3. Gently press around each ravioli to get rid of any excess air. Then use a sharp knife or a pastry cutter to cut out 2-by-2-inch raviolis.
4. Sprinkle a little flour on a baking sheet and place the raviolis in a single layer until you are ready to cook. Continue the steps until you have used all the pasta sheets and filling. You should end up with 36-40 ravioli.
5. To cook the ravioli, bring a large pot of water to a rolling boil. Add a teaspoon of salt to the boiling water and drop in the raviolis.
6. Stir to prevent sticking and cook for 3-5 minutes or until the raviolis begin to float to the top. Drain well and toss with your favorite warmed red sauce.

These recipes originally appeared in the August 2017 issue of 225.


Get everyone involved in the process of making this unique and tasty meal

These might seem a bit unusual, but they are a lot of fun to make when you have plenty of hands to help you cook! The filling can be made a day in advance. The corn flour used to make the masa and dried cornhusks are easy to find in local supermarkets on the Hispanic or Latin American aisle. You can also use parchment paper, and the result is every bit as delicious. Double the tamale recipe and freeze half to steam another time.

Servings: Yields 24-30 tamales

For the crawfish filling:

¼ cup vegetable oil
½ cup chopped onion
½ cup chopped red or yellow bell pepper
¼ cup chopped jalapeńo pepper
2 tablespoons flour
1 pound crawfish tails (with the fat)
1 can chopped green chilies
¼ cup water
1 teaspoon salt
1 teaspoon cumin
1 teaspoon chili powder
1 teaspoon hot sauce
½ teaspoon garlic powder

1. In a skillet, heat the vegetable oil. Sauté the onions, bell peppers and jalapeńo over medium-high heat for 3-4 minutes.
2. Add in the flour. Continue to sauté for an additional 2-3 minutes.
3. Fold in the crawfish tails, chopped green chilies and water. Stir until everything is incorporated.
4. Add in the rest of the ingredients. Reduce the heat to medium low.
5. Allow the mixture to come up to a simmer, stirring to prevent it from sticking.
6. Simmer for a couple of minutes, or until crawfish are cooked through.
7. Remove the filling from the heat. Allow it to cool while you make the masa.

For the masa:

4 cups corn flour or corn masa flour
2 teaspoons baking powder
½ teaspoon salt
½ teaspoon garlic powder
½ teaspoon ground cumin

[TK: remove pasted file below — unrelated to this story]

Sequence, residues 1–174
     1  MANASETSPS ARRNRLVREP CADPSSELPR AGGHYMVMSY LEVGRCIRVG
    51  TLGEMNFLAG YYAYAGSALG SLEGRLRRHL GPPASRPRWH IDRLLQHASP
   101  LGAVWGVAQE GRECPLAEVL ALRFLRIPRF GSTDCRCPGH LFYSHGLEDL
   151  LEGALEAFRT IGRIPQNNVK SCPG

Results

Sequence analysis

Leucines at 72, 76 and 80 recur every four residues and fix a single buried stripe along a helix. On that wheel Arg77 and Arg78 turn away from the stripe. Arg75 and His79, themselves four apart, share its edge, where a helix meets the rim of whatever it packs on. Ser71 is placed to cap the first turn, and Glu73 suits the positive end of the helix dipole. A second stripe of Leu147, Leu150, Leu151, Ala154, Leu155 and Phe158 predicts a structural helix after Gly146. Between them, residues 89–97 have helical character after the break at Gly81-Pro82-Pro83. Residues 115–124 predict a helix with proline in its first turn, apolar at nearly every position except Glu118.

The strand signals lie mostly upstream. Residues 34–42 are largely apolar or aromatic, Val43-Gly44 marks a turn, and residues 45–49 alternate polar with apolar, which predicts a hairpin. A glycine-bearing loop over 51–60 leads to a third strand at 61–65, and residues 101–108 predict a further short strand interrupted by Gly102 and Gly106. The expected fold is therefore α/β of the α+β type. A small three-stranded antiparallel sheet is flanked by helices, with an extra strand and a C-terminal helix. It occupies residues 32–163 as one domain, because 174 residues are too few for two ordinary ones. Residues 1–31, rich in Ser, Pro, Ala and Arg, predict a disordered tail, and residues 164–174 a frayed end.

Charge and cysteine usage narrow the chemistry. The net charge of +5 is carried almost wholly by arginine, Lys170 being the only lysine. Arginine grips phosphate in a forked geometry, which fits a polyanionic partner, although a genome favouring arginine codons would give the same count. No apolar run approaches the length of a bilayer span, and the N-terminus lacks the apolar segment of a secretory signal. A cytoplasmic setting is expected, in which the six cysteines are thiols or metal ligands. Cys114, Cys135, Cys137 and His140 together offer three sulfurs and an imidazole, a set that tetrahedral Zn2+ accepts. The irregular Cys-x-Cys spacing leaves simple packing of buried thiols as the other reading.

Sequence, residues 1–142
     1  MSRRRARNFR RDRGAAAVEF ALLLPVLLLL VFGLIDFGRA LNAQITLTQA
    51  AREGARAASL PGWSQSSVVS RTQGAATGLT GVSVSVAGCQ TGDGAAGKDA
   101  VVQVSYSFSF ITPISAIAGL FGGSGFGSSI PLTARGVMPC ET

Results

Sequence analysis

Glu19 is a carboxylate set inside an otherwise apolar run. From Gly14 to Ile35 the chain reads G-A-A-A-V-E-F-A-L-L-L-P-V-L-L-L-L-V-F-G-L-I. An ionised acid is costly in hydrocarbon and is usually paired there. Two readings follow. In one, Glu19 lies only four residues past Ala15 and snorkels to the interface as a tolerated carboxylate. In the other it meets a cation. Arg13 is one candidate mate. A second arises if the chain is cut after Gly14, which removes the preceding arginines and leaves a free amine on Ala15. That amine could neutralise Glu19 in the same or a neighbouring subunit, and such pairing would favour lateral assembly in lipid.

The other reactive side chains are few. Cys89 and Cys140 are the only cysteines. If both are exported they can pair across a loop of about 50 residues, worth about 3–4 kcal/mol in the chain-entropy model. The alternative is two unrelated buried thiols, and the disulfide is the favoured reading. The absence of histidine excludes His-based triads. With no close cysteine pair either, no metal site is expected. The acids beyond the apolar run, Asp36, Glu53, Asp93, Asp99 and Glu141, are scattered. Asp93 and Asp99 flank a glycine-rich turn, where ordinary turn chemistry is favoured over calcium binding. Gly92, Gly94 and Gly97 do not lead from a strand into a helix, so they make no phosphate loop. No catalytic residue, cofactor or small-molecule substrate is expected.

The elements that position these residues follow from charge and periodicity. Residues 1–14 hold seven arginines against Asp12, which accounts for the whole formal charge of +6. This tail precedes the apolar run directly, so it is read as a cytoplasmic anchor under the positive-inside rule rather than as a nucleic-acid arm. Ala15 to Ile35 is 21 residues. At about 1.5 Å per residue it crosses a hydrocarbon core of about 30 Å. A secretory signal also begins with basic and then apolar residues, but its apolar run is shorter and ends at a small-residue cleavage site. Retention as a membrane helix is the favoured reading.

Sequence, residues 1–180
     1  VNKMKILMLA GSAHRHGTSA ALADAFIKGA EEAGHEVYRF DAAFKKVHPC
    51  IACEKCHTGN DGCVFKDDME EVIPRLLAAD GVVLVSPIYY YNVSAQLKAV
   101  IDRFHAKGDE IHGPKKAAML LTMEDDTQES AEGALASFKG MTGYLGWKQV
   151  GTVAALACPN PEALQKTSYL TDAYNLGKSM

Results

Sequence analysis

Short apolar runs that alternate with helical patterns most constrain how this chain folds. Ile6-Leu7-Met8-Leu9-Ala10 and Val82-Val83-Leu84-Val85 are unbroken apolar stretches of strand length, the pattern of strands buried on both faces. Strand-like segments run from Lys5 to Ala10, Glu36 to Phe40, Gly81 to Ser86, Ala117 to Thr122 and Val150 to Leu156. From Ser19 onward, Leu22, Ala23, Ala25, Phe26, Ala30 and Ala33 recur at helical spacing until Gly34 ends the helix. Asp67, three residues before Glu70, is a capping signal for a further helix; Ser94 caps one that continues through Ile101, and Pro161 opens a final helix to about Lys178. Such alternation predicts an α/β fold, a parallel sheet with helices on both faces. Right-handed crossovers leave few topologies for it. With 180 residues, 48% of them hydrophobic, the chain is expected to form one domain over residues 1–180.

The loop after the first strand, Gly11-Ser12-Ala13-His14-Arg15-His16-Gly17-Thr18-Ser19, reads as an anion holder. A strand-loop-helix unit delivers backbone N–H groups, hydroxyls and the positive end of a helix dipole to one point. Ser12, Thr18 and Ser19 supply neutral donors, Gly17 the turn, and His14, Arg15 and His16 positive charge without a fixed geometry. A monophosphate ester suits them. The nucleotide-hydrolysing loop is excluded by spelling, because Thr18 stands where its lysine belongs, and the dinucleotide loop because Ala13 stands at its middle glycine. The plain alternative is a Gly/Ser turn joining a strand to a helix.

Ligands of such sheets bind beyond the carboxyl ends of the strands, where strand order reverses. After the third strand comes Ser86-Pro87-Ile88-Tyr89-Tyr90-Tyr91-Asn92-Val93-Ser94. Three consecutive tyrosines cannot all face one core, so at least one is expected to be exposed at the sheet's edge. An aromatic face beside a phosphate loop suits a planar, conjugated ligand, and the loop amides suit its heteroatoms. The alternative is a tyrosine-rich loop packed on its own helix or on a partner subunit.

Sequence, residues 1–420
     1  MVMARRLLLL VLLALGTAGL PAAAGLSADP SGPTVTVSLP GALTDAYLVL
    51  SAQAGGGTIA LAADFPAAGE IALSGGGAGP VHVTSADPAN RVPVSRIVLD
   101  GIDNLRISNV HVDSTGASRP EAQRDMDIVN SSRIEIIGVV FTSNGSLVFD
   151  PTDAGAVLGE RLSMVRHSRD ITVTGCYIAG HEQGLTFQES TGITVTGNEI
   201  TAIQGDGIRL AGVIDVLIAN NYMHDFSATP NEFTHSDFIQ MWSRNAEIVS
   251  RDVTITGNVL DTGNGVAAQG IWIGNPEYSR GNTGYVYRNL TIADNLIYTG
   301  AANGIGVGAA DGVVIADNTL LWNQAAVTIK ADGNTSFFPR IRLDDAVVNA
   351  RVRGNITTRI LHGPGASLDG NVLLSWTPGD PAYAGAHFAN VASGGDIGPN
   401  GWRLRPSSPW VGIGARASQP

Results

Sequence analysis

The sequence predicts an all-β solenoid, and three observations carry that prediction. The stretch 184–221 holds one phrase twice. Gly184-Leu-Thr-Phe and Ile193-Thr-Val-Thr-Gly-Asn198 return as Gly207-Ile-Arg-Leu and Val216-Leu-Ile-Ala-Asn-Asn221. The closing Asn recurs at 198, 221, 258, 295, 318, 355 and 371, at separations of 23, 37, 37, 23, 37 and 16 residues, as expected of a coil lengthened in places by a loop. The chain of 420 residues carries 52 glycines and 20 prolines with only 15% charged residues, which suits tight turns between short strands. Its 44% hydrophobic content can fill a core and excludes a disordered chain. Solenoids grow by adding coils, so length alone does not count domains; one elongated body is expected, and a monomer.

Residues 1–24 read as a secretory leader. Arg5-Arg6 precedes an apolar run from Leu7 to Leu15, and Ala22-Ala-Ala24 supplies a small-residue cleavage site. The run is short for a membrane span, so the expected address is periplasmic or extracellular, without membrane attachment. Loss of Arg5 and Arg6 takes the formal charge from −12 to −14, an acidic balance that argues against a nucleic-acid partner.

½ teaspoon chili powder
1 13 cups vegetable shortening
2 cups low-sodium chicken broth, vegetable broth or water
1 (6-ounce) bag of dried cornhusks

1. In a large mixing bowl, sift together the flour, baking powder, salt and seasonings until well blended.
2. Using a pastry cutter or a fork, cut the shortening into the dry ingredients until the mixture looks like wet sand.
3. Using a wooden spoon, stir in the broth until a dough is formed and is about the consistency of peanut butter.
4. Cover the dough and allow it to rest until the crawfish filling is cool enough to handle. (Both the filling and masa may be made a day in advance).

To assemble and cook the tamales:

1. One hour before you are going to assemble the tamales, bring a large pot of water to a boil.
2. Once the water is boiling, turn off the heat and place the dried cornhusks into the boiling water. Allow the cornhusks to soak for 1 hour or until they are quite soft and pliable.
3. To set up your assembly line, drain the cornhusks and pat them dry. Have kitchen twine and a pair of scissors ready along with the prepared masa and filling.
4. Select the larger cornhusks to work with, and note that you can put two smaller husks together to form one big one. A husk about 12 inches long is needed to make a 6-inch tamale. Lay the husk smooth side down and place about a tablespoon of the masa near the top or the wider end of the husk. (Make sure to spread the masa, leaving 2 inches from the top and 3-4 inches from the bottom of the narrow end.)
5. Press the masa down one-fourth inch thick all the way to the edge nearest you into a 6-by-6-inch square. (There will be an inch or so of the husk left uncovered, which will leave you plenty of room to roll the tamale).
6. Spoon in a little of the crawfish mixture into a strip down the middle of the masa, leaving a border of the masa on all sides.
7. Fold the tamale up like a taco so the filling is covered by the masa. Begin to roll the tamale tightly, gently squeezing as you go until the tamale is completely rolled up.
8. Fold up the narrow end over the seam followed by the wider or top end. Lay the tamale down and tie it in the middle with a piece of kitchen twine. Place the rolled tamale into a steamer basket or colander and repeat the previous steps to roll your next tamale.
9. To finish the tamales, place the steamer basket or colander into a large pasta pot or steam cooker. Pour enough water into the pot to cover the bottom of the pot but not high enough to reach the basket itself.
10. Cover the pot and bring the water to a boil. Steam the tamales 35-45 minutes or until the masa is set but not too dry.

This recipe originally appeared in the March 2013 issue of 225.